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Last Updated: Oct 11, 2012 - 10:22:56 PM
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Bench-to-bedside look at MSC research at Case Western Reserve conference in Cleveland

Aug 24, 2007 - 4:00:00 AM
Caplan stated that Case Western Reserve and Cleveland health care institutions have done more protocols in MSC clinical research than other cities. Currently Osiris Therapeutic has clinical trials for MSC use in regenerating tissue and repairing the body injuries from cancer, Crohn’s disease, heart attacks and cartilage damage.

 
[RxPG] CLEVELAND—Researchers from 22 countries will come to Cleveland for a bench to bedside examination of the developing mesenchymal stem cells (MSC) from regenerative medicine and stem cell research to therapeutics in patient care. The National Center for Regenerative Medicine for Stem Cell and Regenerative Medicine (NCRM) and founding partner Case Western Reserve University have organized the 2007 Adult Mesenchymal Stem Cells in Regenerative Medicine Conference, August 27-29, at the Marriott Hotel in downtown Cleveland, to highlight advances in MSC research. The conference is the first organized by the two groups on MSCs.

It leads off with Arnold Caplan, Case Western Reserve professor of biology and director of the Skeletal Research Center in the College of Arts and Sciences. In the late 1980s, science literature hinted of MSCs’ existence, but it was research by Caplan - with Case collaborators Stephen Haynesworth (biology, associate dean of the College of Arts and Sciences), Stanton Gerson (director of NCRM and the Ireland Cancer Center) and Hillard Lazarus (director of the Blood and Marrow Transplant Program at the Ireland Cancer Center) - that led to the MSC discovery in Case labs.

When Caplan first discovered the MSCs, little was known about their potential uses, but that has changed. “MSC research is exploding and getting more recognition as the research moves into the clinic,” he said. “The therapeutic field has finally caught up with the research potentials.”

His discovery paved the way for a great deal of research, at Case and other institutions, to develop MSC applications.

Since MSCs were found to have regenerative properties, Caplan, Haynesworth and Gerson established Osiris Therapeutics, Inc., to take the lab research into human therapies. This company, although originally started in Cleveland, Ohio, relocated to Baltimore, Md., and has successfully become a publically traded company. Randall Mills, the CEO of Osiris, will give the concluding talk on Wednesday to provide insight into running clinical trials using MSCs to almost 300 doctors and researchers attending the conference.

“Educating researchers in methods and models in mesenchymal stem cell technology has been a priority of our key investigators Drs. Caplan and Gerson, who are part of the MSC 2007 organizing committee,” said Michael Gilkey, NCMR’s marketing and operations manager. “We also are establishing Cleveland in the biotechnology world as the place to be for stem cell research.”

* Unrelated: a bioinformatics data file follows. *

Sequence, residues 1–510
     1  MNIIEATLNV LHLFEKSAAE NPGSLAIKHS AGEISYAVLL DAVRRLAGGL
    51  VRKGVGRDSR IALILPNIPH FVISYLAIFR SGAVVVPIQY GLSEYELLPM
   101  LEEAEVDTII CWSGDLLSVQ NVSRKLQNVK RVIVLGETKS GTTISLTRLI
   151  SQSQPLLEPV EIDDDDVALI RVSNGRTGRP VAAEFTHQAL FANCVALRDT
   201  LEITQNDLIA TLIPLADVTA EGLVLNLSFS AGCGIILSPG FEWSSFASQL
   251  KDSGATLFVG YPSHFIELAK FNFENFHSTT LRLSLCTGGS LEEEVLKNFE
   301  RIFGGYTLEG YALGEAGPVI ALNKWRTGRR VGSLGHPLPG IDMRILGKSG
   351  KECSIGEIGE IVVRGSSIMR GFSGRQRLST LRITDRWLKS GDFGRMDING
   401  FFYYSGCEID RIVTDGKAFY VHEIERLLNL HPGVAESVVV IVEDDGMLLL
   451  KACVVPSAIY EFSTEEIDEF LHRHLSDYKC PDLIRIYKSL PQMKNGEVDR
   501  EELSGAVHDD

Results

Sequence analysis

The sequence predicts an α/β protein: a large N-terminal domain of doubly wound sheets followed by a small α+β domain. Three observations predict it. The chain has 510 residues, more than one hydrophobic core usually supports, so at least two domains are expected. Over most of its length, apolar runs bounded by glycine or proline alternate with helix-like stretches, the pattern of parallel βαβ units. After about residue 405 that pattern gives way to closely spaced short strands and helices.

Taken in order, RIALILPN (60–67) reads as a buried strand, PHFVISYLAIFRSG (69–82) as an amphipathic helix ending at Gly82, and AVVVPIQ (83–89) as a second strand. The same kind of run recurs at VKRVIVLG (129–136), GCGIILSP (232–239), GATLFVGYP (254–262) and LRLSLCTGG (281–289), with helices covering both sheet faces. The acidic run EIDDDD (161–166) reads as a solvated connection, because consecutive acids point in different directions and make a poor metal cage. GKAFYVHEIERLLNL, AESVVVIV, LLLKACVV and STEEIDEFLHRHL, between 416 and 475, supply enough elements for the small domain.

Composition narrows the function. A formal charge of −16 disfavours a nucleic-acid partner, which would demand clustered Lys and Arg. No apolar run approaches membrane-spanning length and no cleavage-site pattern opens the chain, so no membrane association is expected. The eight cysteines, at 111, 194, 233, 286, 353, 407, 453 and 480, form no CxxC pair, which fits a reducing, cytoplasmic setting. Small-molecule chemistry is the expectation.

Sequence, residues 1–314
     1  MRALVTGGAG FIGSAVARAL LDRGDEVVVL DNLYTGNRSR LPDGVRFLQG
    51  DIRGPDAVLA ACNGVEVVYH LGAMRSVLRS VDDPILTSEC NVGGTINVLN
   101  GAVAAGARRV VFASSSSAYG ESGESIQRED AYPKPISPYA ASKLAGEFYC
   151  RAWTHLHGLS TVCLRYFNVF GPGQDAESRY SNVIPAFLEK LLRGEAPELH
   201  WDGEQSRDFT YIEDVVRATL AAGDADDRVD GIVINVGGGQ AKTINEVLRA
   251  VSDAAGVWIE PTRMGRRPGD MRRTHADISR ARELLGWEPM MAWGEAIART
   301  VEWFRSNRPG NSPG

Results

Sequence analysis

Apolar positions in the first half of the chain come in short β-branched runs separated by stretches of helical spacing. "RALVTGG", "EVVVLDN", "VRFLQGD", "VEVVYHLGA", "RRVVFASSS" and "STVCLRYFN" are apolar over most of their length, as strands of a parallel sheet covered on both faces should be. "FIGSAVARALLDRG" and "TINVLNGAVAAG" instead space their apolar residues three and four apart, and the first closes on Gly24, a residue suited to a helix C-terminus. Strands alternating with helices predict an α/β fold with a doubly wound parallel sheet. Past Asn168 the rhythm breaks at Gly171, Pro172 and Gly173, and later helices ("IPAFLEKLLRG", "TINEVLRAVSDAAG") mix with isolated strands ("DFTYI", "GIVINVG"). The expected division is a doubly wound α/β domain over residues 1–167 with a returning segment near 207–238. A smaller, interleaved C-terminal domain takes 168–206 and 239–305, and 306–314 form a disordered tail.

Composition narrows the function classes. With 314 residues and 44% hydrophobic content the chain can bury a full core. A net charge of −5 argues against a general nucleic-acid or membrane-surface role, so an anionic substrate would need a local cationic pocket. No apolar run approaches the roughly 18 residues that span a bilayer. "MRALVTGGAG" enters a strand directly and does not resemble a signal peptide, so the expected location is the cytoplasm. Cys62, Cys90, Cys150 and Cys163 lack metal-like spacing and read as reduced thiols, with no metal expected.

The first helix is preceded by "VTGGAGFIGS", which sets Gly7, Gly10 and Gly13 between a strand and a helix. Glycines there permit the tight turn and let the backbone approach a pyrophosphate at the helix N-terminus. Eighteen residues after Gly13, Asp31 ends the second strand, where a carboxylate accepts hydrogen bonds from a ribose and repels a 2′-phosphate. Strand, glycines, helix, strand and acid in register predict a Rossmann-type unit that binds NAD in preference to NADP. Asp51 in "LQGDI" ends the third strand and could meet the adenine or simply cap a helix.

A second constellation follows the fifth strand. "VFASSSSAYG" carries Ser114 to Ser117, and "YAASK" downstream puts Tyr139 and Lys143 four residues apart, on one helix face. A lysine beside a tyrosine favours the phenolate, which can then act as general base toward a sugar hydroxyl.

Cleveland has been a leader in regenerative medicine and stem cell applications. The multi-institutional NCRM, including Case, University Hospitals Case Medical Center and the Cleveland Clinic, provides a comprehensive approach, including basic and clinical research as well as biomedical and tissue engineering, to develop new adult (non-embryonic) stem cell therapies for patients suffering from chronic and debilitating diseases including heart disease, cancer, genetic disorders and neurodegenerative diseases and injuries such as multiple sclerosis. Currently, NCRM has more than 27 ongoing clinical trials using adult stem cells and provides a comprehensive approach to developing therapies for patients suffering from chronic and debilitating diseases.

Caplan stated that Case Western Reserve and Cleveland health care institutions have done more protocols in MSC clinical research than other cities. Currently Osiris Therapeutic has clinical trials for MSC use in regenerating tissue and repairing the body injuries from cancer, Crohn’s disease, heart attacks and cartilage damage.

MSC research by Caplan and colleagues has focused on ways in which these cells can be used to restore and repair bone and cartilage. His most recent discovery was a method in which bone marrow cells were grown on three-dimensional scaffolds made of a substance called hyaluronon, which is found naturally in the body. Hyaluronon acts as a lubricant for joints, absorbing the impact caused by everyday movements. Hyaluronon also makes cartilage more elastic. Signals from hyaluronon trigger MSC to migrate to specific tissue. The results of the most recent research indicates great potential for treating musculoskeletal conditions such as fractures or bone loss.




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